The Granularity of Monotype Spacing

quadibloc's picture

I replied to something in a ten-year-old thread, and that was a mistake, if only because it turns out to now have an uninformative title.

Anyways, in that old thread, the claim was made (by Gerald Giampa) that Monotype has a finer level of spacing than foundry type. Hrant Papazian expressed disagreement.

I had something to add to this at this late date.

Foundry type, of course, inherently has no mechanical limitation as to its widths. To speak, therefore, of its limits, we have to cite a specific instance of actual practise. Fortunately, there is an obvious choice.

From information in the ATF type specimen books, but more importantly, from Legros' and Grant's Typographic Printing-Surfaces, I have surmised that regular ATF types, as opposed to their Self-Spacing Type and similar products, was designed so that all widths were a multiple of 1/4 point. Or, if one prefers, of 1/48 of the pica em, to use correct printing terminology.

Monotype, as we know, uses an 18-unit system. Thus, if we're looking at 9 point type, the widths of the letters in a font are all multiples of 1/2 of a point. If, instead, we're looking at 12 point type, the widths of the letters are all multiples of 2/3 of a point.

So it's obvious: Monotype loses.

Not so fast. Because there is another question to be examined. Fine spacing is a good thing to have, but how much of it is actually usable is another matter.

The IBM Selectric Composer is worth looking at in this connection. It is very limited typographically. Not only did the regular and italic versions of a given typeface have the same spacing, as with Linotype, but all typefaces were spaced the same way.

It had a nine-unit system. However, this mechanical simplicity was partially achieved through condensing the M and W; comparing the widths of most characters to those in Monotype Times New Roman, it becomes clear that the em was divided into 11 units. And, indeed, 11 point Press Roman on the Composer used a unit size of 1/72 of an inch, and looked well-proportioned. (Another of the typographic limitations of the Composer was that it had only three unit sizes, and so some point sizes of some faces were slightly condensed or stretched to fit.)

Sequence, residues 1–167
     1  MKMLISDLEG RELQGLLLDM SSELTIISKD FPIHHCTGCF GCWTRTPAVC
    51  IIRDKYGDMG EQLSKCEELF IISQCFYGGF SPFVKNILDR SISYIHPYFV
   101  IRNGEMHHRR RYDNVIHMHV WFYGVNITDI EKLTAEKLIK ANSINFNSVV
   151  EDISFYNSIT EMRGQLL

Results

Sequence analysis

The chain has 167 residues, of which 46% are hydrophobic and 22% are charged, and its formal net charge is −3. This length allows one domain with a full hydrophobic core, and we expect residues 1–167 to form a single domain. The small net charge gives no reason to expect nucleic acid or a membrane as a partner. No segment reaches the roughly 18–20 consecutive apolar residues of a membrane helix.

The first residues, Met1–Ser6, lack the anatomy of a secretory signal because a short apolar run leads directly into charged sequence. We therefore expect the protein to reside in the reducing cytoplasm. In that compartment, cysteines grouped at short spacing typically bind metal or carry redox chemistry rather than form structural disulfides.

While there are problems with documents made with the Composer - the Selectric mechanism couldn't align characters quite precisely enough for typographic purposes - the spacing was not visibly limited. On the other hand, proportional-spaced texts produced on a five-unit IBM Executive typewriter are distinguishable at sight from printing.

And there's another thing about Monotype that I hadn't mentioned.

A standard adjustment on the Monotype caster, made whenever one puts in a matrix-case for a new typeface, is to specify the set width. The set width is adjustable in increments of 1/4 point, and while it is usually close to the point size of the type, it does not have to equal it.

Thus, for a given face, 10 point type might have a set width of 10 points, 12 point type might have a set width of 11 3/4 points, and 6 point type might have a set width of 6 1/2 points.

And so, once you have designed your typeface, you have an ultimate division of horizontal space into units of 1/18 of 1/4 of a point, even though you can't use them in a single size of a typeface.

What they do provide for you, though, is the ability to make the optical adjustment of making the face wider in smaller point sizes by uniformly changing the proportions of every letter.

With ATF foundry type, on the other hand, one can't scale every character by the same amount when going from 11 point type to 9 point type, for example. Widths that are not multiples of 11/4 and 9/4 of a point, respectively, also have to be used.